The news industry wrestles with the challenge of understanding and reporting on the world's changing climate and the increasing number of disasters that most attribute to that change. On March 27 and 28, LACC and CARTA's SCJ bring experts to explain the science and journalists to share the latest research and techniques for covering climate change. Register @ http://bit.ly/2Cdgh0h
LACC is privileged to offer a total of four citizens/residents of Honduras, El Salvador or Guatemala a scholarship plus stipend to earn a MA in Latin American and Caribbean Studies at FIU with a focus on security in Central America. The scholarships are made possible by a grant supporting Central American Security and Drug Policy (CASAD). Click on the title above to watch a video with details.
Former FIU Professor Emeritus and anthropologist William T. Vickers has been honored by colleagues near and far in Tipití, the Journal of the Society for the Anthropology of Lowland South America, in a special issue titled "Remembering William T. Vickers (1942-2016)". A member of the Greene School's Department of Global and Sociocultural Studies, Vickers is remembered for his decades of scholarship and leadership in research on environmental anthropology, development, Andes, and Latin America.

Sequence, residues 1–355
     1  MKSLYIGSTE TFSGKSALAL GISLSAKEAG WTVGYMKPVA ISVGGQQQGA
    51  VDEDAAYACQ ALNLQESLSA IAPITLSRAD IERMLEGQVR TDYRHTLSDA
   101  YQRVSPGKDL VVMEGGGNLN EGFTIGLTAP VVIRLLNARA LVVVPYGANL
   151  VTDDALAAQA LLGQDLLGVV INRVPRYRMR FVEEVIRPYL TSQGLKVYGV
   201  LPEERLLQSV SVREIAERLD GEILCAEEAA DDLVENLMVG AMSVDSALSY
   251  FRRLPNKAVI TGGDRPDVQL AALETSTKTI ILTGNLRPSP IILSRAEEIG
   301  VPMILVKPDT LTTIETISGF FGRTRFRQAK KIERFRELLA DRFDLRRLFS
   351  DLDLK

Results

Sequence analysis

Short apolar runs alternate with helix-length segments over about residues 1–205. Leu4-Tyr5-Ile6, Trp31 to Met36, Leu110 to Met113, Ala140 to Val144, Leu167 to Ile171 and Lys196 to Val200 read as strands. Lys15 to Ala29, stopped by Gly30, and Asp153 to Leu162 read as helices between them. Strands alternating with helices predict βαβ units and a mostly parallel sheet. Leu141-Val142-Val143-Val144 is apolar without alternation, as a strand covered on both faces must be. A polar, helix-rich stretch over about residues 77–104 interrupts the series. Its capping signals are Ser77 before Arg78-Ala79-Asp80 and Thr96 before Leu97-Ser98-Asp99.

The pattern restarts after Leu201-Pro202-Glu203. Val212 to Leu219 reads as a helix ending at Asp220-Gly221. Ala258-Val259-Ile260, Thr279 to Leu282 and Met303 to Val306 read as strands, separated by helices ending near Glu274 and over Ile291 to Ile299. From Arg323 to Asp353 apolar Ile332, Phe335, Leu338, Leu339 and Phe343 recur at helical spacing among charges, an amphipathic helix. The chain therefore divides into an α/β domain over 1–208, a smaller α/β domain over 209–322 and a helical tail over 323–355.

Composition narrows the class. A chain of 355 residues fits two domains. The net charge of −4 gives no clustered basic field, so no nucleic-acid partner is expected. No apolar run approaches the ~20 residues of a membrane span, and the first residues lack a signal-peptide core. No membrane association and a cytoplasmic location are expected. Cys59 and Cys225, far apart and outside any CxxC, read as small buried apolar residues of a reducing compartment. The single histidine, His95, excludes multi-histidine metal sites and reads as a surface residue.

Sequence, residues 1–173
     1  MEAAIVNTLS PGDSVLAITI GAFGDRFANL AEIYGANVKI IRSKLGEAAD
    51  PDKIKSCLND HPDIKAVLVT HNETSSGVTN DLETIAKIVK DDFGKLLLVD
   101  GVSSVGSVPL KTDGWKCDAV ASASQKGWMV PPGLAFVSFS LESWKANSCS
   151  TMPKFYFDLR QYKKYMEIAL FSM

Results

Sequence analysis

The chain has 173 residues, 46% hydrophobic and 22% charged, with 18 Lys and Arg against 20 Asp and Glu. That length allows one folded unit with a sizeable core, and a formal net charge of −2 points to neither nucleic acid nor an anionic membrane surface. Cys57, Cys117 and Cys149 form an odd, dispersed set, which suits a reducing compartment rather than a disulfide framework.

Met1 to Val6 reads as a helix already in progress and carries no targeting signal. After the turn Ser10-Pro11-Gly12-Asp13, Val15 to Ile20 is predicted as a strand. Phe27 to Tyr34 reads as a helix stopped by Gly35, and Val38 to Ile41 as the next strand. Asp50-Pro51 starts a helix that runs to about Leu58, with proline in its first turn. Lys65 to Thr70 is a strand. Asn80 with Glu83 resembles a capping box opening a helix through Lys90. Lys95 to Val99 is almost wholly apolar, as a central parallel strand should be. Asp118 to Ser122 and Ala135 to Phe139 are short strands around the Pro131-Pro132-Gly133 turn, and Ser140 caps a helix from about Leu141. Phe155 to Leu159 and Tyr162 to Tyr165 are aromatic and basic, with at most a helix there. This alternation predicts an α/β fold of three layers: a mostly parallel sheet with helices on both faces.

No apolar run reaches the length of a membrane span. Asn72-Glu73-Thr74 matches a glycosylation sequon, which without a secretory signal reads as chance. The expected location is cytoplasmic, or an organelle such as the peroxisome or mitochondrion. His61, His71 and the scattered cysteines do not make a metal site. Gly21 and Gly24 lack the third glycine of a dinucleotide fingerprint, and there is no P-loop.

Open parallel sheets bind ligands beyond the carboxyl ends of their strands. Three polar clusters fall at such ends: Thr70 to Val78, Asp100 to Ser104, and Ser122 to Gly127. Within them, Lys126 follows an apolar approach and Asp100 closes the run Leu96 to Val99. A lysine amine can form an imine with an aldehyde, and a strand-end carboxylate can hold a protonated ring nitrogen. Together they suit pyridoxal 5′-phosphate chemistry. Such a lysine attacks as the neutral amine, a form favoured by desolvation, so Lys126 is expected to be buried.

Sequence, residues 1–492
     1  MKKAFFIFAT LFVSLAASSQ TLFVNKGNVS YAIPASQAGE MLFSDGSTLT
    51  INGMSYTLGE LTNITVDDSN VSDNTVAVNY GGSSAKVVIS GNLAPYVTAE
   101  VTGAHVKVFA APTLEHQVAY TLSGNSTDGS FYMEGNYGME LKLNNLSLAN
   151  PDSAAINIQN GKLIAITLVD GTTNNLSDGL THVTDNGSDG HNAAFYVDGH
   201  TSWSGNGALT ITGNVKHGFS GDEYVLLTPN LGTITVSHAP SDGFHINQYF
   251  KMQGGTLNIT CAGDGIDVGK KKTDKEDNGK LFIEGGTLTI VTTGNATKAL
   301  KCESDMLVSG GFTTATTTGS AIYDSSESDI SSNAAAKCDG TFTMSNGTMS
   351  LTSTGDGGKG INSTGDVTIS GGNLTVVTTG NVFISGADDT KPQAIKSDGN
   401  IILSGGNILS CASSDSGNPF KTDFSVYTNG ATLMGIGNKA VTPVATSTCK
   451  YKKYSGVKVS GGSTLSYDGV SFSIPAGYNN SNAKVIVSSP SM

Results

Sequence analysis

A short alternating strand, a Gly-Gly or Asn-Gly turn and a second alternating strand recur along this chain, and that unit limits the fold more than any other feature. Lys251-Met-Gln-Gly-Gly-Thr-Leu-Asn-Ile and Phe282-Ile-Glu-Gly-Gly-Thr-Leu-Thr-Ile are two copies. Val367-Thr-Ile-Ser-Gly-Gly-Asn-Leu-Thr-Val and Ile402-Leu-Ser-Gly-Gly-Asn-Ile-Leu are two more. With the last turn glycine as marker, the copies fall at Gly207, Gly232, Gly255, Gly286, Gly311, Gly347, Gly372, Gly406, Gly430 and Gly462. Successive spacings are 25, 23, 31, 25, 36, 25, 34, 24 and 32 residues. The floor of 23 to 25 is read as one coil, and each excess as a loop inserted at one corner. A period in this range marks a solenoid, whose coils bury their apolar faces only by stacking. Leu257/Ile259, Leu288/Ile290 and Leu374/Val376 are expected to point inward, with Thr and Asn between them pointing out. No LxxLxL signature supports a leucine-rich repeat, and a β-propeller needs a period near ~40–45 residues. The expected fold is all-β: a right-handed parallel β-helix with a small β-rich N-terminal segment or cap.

For the second year, 8 members of FIU-FAST (FIU-Florida Advanced Surgical Transport) spent 10 days providing medical and preventative treatment to over 5,000 people in Guatemala as part of U.S. Southern Command's Continuing Promise 2018. The humanitarian mission provides medical services and more to residents and children in Puerto Barrios. In addition to support from LACC, the FIU-FAST mission was backed by FIU's Herbert Wertheim College of Medicine.